Dust Collection Tips

A central station dust collection system should be one of your first purchases in a woodturning studio!

I use a modified (right) Jet DC 1100 as my
primary central station dust collector.
Original Jet configuration shown (left).

When I first opened my studio seventeen years ago, I decided against initially purchasing a central collection system for dust. With the cost of the lathe, tools and miscellaneous items needed to open a production woodturning studio, I dropped a significant chunk of change just to open the doors. Whilst I would have loved to purchase every tool and machine I would ever need from the get-go, I decided a few things would have to wait. After all, I was opening a business to make money and you have to watch your expenses if you want to turn a profit.

One of the things I decided to hold off on purchasing was a central station dust collection system. At the time I did not have a bandsaw, but I was power sanding a lot on the lathe and I knew I needed something to mitigate the dust cloud produced when sanding projects on the lathe. I’m the kind of person who likes to do a lot of research before purchasing tools and equipment, so I decided to use some inexpensive solutions for dust control, as I continued to investigate what collection systems would best serve my needs.

I thought I could get away with using some cheap dust collection equipment for a few months (20” box fans with 3 A/C filters on the suction side), get the studio up and running and then purchase a real collection system. Well you probably know what happened, my studio business took off like a rocket and I was working 16 – 18 hours every day, seven days a week. Every time I power sanded a bowl, I knew I needed to think about better collection for dust, but I had orders to fill and logs to process and time just kept slipping away. More than five years later, I had had enough and I got serious about finding a system that would work for my studio.


Enter the Dust Eating Dog

The Dust Dog air filter uses a pleated filter
medium for efficient dust collection

After looking at several systems that ranges from a few hundred dollars to a few thousand, I decided to purchase a Jet DC1100 Dust Collector. Whilst the $5,000.00+ professional systems looked great on paper, they really did not make sense to me, since I was a one-man studio and I would only be using one tool at a time 99% of the time. I also knew that I only wanted to collect the dust from hand and power sanding, the latter of which produces copious amounts of dust.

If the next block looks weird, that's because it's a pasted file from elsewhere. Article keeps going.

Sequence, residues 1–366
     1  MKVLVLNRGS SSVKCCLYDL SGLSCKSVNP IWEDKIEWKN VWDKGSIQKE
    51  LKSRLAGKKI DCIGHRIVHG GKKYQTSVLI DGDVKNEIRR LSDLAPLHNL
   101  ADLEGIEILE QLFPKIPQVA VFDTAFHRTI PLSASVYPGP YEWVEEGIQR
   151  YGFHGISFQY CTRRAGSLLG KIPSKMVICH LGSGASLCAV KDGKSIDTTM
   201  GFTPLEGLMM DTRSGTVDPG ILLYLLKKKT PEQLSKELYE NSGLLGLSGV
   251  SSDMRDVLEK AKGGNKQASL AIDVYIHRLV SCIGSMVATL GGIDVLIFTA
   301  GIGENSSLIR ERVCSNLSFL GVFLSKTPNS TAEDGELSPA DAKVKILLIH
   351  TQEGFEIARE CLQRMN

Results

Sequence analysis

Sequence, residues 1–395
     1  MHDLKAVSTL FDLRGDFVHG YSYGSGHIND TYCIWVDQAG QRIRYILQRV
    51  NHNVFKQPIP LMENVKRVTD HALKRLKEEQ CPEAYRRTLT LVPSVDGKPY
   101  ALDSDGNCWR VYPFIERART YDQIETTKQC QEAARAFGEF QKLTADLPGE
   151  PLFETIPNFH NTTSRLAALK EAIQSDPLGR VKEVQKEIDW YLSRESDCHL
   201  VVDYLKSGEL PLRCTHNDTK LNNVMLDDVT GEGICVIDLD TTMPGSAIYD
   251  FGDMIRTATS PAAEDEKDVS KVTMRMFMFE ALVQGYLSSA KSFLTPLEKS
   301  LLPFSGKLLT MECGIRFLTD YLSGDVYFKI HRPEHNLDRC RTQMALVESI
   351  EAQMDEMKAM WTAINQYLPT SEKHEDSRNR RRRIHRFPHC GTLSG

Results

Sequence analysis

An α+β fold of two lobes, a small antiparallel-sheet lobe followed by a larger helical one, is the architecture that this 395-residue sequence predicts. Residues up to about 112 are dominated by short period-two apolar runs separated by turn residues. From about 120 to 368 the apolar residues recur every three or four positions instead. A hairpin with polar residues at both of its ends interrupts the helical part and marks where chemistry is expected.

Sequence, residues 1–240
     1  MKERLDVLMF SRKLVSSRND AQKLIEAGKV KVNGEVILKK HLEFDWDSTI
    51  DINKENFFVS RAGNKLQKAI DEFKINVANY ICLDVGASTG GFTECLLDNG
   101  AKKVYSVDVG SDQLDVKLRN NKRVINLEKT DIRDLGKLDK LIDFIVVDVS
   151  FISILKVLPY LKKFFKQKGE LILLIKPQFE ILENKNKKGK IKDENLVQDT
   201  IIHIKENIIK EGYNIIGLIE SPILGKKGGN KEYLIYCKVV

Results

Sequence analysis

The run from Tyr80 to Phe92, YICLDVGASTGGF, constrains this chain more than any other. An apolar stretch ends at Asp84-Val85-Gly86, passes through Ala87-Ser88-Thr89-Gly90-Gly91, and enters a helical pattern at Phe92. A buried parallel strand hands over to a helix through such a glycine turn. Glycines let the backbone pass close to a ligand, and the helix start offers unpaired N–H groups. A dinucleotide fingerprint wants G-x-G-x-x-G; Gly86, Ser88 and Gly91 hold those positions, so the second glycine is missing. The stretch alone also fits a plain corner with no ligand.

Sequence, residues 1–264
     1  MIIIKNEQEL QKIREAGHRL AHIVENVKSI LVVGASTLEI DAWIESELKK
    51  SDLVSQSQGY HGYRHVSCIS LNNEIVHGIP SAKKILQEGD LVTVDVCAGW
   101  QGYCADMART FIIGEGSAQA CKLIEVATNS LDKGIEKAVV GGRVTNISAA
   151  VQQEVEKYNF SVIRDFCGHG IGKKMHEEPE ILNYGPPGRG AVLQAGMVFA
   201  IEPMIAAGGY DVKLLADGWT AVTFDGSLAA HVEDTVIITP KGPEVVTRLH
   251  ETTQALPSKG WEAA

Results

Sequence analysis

My Jet collection system could accommodate a 6” incoming line, so I decided to run 6” lines to each down drop to get better airflow. This has worked extremely well and since I have installed my central station collection system, I no longer stand in a cloud of dust when power sanding. I’ve also added supplemental collection equipment through the years (wall mounted), to obtain even better overall dust collection.

A Jet AFS 1000 wall mounted dust collector
is used to capture residual dust in the air

In addition, I’ve purchased a powered respirator to wear when sanding on the lathe, or when working inside the studio on other projects that may produce dust. You can never have too much protection… My personal protection protocol now features four layers: 1) A 3M AS400LBC PAPR powered respirator with HEPA filter; 2) A Jet DC1100 central station collection system; 3) A Jet AFS 1000 wall mounted ambient dust collector; and 4) A supplemental central station collector attached to the incoming central air-conditioning/heating system that uses 6” thick high efficiency filters.

3M's AS400LBC powered respirator is popular
with many professional woodturners

That’s a far cry from the old days when I had two 20” box fans running on high speed, with furnace filters on the back and I wore a half mask respirator! Looking back, I don’t know how I operated so long without a good quality collection system. I waited far too long to purchase my first dust collector. If I could turn back the clock and do it again, I would have gotten all of my dust equipment first and waited on some of the turning tools and accessories that I did not really need initially.

If you’re turning in a studio now without some type of central station collection system, I urge you to learn from my experience and get your studio squared away. You only have two lungs and replacement body parts are hard to come by, so invest in your health and you will be a much happier woodturner.


Safety Note: Always follow all manufacturers safety instructions before working with your lathe, or any of the tools or products you may use. If you are unsure about any operation, obtain competent professional instruction before proceeding. Use and wear all necessary safety devices during turning and observe safe woodturning practices to prevent accident or injury.


Steven D. Russell is a professional studio woodturner, teacher and writer. He has written numerous articles for international woodturning magazines, which have been published in more than 78 countries around the world. Steve has demonstrated in numerous cities across the United States. His studio, Eurowood Werks, specializes in bowls, platters and hollow forms with unique visual and tactile treatments.

Steve is also the current and founding President of the Lone Star Woodturners Association, Inc., an AAW member chapter. The LSWA is a 501(c)3 non-profit educational organization dedicated to teaching and demonstrating the art and craft of woodturning.

Steve is also a featured writer for the Guild of Master Craftsman's "Woodturning" magazine, published in London England. Woodturning magazine is the world's leading magazine for woodturners. Look for his articles covering technical topics, or project based articles in an upcoming issue.